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Thrive: How digital transformation will elevate your CX

Virtual Meetings: Room for Even Better Technology

Tools for productivity and collaboration can evolve to drive deeper engagement.

Unlike gorillas or monkeys, the whites of human beings’ eyes are quite large and visible. In evolutionary terms, this had to saddle our hunting-and-gathering ancestors with a distinct disadvantage at night, whether hiding from predators or sneaking up on their own prey. But in contrast to other primates, because of the whites of our eyes, human beings can easily tell what other human beings are looking at.
We know when someone’s attention is fixed on us, or when someone’s attention has been drawn to something (or someone) else. Our eyes facilitate empathetic, face-to-face communication—not just in words, but in winks and nods and raised eyebrows. And it is this rich ability to communicate which has allowed us to create civilization itself.
Fast forward to the COVID-19 pandemic, and the “New Normal” of social distancing, hand sanitizing and face masking has all but annihilated many businesses that depend on social, in-person contact with other human beings. The sudden economic damage to such a wide swath of businesses is unprecedented and has already caused a great deal of suffering and business losses, from restaurants and bars to hair salons, ride-share drivers, retailers, and even professional ball teams.
But the New Normal has also pushed many organizations, kicking and screaming, smack-dab into a highly digital world. Anyone working in the information field, including accounting, marketing, law, sales, contact centers, or writing and editing content like this article, has had to adapt to the new WFH environment. And as hard as it might be on the companies themselves, many of their newly remote workers are actually OK with it.
After all, who could object if, rather than having to drive 45 minutes to and from work each day, getting into the office suddenly becomes as simple as walking across the house. Yes, there are inconveniences—it’s a bit lonely, there is little work/life separation, and those with kids are challenged to balance minding them while also working.  
Moreover, it doesn’t really matter whether you’re using Zoom, Hangouts, Teams, or some other video-meeting-and-collaboration tool, meetings now take place across multiple locations and time zones, with distant participants as conveniently tuned in as local ones. Things slow down a bit when someone’s connection isn’t working well, or when the sound is out of sync. The back-and-forth of conversations is slower, more deliberate, and somewhat awkward, because no one can really interrupt anyone else. But meetings like this are sufficient to get most jobs done.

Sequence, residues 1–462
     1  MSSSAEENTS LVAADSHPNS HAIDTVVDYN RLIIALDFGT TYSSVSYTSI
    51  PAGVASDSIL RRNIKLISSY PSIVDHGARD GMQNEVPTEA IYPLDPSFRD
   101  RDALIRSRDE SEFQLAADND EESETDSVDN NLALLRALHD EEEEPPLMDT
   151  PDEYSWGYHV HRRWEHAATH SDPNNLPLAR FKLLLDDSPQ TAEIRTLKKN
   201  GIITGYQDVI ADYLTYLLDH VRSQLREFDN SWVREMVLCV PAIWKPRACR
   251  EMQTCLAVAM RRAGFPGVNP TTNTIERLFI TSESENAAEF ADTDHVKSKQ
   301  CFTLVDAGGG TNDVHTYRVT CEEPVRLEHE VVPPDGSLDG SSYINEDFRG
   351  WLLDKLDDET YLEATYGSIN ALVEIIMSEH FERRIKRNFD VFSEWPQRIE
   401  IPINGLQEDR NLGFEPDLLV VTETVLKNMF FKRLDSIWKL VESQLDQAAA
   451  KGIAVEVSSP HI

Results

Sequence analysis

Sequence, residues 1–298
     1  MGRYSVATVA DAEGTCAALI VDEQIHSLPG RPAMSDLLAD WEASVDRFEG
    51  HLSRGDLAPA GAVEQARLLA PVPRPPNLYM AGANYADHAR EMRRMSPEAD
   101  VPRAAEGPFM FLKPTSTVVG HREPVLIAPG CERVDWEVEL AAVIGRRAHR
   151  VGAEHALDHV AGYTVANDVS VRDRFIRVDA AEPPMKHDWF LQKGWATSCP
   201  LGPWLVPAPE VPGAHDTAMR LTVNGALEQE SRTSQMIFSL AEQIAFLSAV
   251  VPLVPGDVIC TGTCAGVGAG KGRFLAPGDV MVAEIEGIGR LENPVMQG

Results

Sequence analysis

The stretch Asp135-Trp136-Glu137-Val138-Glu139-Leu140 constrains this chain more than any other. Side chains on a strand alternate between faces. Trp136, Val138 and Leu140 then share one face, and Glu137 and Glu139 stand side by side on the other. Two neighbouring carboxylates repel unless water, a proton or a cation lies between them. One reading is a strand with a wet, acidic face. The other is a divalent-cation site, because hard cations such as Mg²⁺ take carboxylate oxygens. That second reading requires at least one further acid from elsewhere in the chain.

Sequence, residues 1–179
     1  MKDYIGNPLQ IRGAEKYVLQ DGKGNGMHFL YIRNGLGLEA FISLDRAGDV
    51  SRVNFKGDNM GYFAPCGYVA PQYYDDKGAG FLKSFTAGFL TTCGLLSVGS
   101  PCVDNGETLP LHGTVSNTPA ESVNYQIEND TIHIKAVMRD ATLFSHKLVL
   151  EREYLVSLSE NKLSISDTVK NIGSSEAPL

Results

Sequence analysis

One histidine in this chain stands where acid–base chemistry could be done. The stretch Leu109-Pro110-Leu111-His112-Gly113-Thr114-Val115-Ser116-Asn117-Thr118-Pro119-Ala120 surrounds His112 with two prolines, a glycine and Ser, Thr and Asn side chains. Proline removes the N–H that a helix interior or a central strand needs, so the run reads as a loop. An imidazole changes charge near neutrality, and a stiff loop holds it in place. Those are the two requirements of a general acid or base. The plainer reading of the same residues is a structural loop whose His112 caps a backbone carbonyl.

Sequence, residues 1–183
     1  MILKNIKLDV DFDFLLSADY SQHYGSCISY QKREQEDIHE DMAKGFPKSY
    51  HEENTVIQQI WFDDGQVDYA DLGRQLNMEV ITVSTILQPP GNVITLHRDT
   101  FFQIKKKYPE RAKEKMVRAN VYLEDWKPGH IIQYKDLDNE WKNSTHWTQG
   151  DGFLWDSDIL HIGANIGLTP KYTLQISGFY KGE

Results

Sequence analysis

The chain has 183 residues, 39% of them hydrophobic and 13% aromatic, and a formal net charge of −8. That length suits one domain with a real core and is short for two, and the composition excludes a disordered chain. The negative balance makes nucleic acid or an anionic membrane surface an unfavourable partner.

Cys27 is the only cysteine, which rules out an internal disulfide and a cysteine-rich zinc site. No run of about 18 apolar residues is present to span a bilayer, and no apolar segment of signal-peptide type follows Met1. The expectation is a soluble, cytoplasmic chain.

What has been immediately revealed, however, is that perhaps the most important social need of all is not being met by the online meeting technologies currently available. When you’re in a virtual meeting, you can no longer tell who is looking at you and who isn’t. Nor can anyone else tell whether you’re actually looking at them. The image of you projected to others is based solely on the angle your face makes with the video camera that captures your image. And this handicaps our social interaction.
No amount of beaming, smiling, or frowning on your part will communicate the fact that you are paying more or less attention to any particular other person in your meeting. Instead, when you dutifully try to look directly into the camera it just means you are looking directly at everyone, in exactly the same way.  
If history is a guide, virtual meeting technology will likely improve at a very fast rate, now that it’s being put to such a massive test. Microsoft’s “Together Mode” for Teams is at least one step in the right direction, for instance. Engineers are working to project an image on someone’s screen that shows you looking directly at them when you’re really looking at their individual image on your screen.
To have a meeting in which everyone could see who everyone else is looking at, based on how they appear on their own screens — at that point the advantages of virtual meetings might finally outweigh the advantages of in-person meetings. If so, it would enhance social interactions, driving a deeper level of understanding and personal engagement. And that would make everything feel a little more, well, normal.